We also investigated the variability in the estimated onset of emigration to help inform whether and how much of a buffer should be applied to smolt protection windows to ensure that the tails of the run are adequately protected. To do this, we applied the selected regression model to measured air temperature (i.e., Tmean) obtained for the years 2000–2021 for each of the four production areas of interest (Piscataquis, East Branch Penobscot, and Mattawamkeag rivers in the Penobscot River drainage; Sandy River in the Kennebec River drainage) and computed the spread in the model predictions.

Systemwide smolt movement model

Smolt out-migration can be described as a “wave” moving downstream, beginning with an ascending limb of early migrants, followed by an increase in the daily number of migrants to a peak, and concluding with a descending limb of late migrants. We built a deterministic, predictive model to project the movement of the wave downstream through dams and other ecological points of interest (e.g., estuary entry), hereafter referred to as the systemwide “smolt movement model” (Figure 3). The inputs for the smolt movement model are (1) the predicted onset of emigration generated from the run timing model described in the previous section, (2) a standardized smolt wave for either natural- or hatchery-origin smolts, (3) estimated habitat-specific migration speed (from the literature), and (4) river-specific migration distance from the start of downstream movement to estuary entry.

Details are in the caption following the image
Flow diagram detailing the inputs and application of the systemwide migration model for two Atlantic Salmon smolt production areas and one hatchery smolt stocking location (DOY = day of year; Tmean = mean air temperature). Key model inputs are the run timing model (Table 2); standardized smolt waves (Figure 4); spatially explicit distances through free-flowing reaches, head ponds, and dam reaches; and habitat-specific migration speed (km/h) from Stich et al. (2015a; F = free-flowing reach migration speed, H = head pond migration speed, and D = dam reach speed).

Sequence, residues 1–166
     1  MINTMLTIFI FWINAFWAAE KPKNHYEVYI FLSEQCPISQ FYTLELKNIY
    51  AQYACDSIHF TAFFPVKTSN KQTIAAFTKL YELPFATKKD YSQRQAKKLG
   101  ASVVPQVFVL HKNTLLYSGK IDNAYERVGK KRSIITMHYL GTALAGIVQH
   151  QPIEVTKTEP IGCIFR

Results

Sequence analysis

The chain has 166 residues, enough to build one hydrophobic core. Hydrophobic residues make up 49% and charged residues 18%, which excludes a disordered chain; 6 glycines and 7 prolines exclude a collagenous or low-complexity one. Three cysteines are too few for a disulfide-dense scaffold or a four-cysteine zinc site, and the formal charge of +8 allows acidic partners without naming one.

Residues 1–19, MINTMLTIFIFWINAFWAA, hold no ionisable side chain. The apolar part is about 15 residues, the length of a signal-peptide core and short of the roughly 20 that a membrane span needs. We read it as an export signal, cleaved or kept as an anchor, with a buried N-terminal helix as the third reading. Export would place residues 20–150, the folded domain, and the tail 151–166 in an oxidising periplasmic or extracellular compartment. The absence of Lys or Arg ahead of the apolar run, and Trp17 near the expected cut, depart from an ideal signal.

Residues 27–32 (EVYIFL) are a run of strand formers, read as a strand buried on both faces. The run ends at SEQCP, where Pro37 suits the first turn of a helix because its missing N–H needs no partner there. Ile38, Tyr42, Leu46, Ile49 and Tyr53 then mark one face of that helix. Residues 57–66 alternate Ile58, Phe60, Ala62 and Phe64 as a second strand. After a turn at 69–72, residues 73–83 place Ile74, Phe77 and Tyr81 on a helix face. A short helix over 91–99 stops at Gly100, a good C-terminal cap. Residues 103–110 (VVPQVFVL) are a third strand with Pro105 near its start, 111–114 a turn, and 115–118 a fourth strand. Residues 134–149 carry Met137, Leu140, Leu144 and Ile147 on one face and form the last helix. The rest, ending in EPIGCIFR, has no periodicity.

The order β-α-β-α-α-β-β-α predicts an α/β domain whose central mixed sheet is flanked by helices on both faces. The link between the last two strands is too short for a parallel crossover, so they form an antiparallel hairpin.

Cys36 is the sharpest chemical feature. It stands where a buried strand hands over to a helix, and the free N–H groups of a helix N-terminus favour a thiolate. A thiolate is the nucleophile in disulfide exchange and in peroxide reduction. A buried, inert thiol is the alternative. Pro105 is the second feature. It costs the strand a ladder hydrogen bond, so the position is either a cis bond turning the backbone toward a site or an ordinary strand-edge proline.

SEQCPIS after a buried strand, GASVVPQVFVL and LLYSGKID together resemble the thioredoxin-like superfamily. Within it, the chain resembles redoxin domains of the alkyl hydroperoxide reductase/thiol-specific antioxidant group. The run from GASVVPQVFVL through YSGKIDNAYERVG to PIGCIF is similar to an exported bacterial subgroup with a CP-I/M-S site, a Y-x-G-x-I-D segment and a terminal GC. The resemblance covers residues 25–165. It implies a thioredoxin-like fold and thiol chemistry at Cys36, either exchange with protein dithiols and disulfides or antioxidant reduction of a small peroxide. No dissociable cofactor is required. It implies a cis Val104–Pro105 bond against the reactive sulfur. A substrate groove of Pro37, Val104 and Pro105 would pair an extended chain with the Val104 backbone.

We developed the standardized smolt waves by using catch data from the Narraguagus River RST, which had the longest and most complete time series of available data for natural-origin (1997–2019) and hatchery-origin (2008–2012) smolts. Given the size of the watershed monitored, consistent wild production, and routine fry stocking, this monitoring site is an appropriate proxy for nearby watersheds of similar size. Hatchery smolts had the adipose fin removed before stocking, so they were visually distinguishable from natural-origin smolts at the RST. To obtain the natural-origin standardized wave, we calculated the daily catch as a percentage of the total seasonal catch for each year (Figure 4). The resulting annual distributions were then centered across years by aligning the median catch day. Next, the average daily run proportion was averaged across the entire time series to generate the natural-origin standardized smolt wave, which represents a population leaving a discrete production area (Figure 3). Because hatchery-stocked smolts were introduced into the Narraguagus River on known dates and locations, capture dates at the RST were back-calculated to stocking dates to develop the standardized hatchery wave (Figure 4). Because the stocking location was typically about 20 km upstream of the smolt trapping location, capture days were adjusted annually to reflect initiation of the wave at the stocking site by using the migration speeds of hatchery fish in free-flowing river segments (Stich et al. 2015a).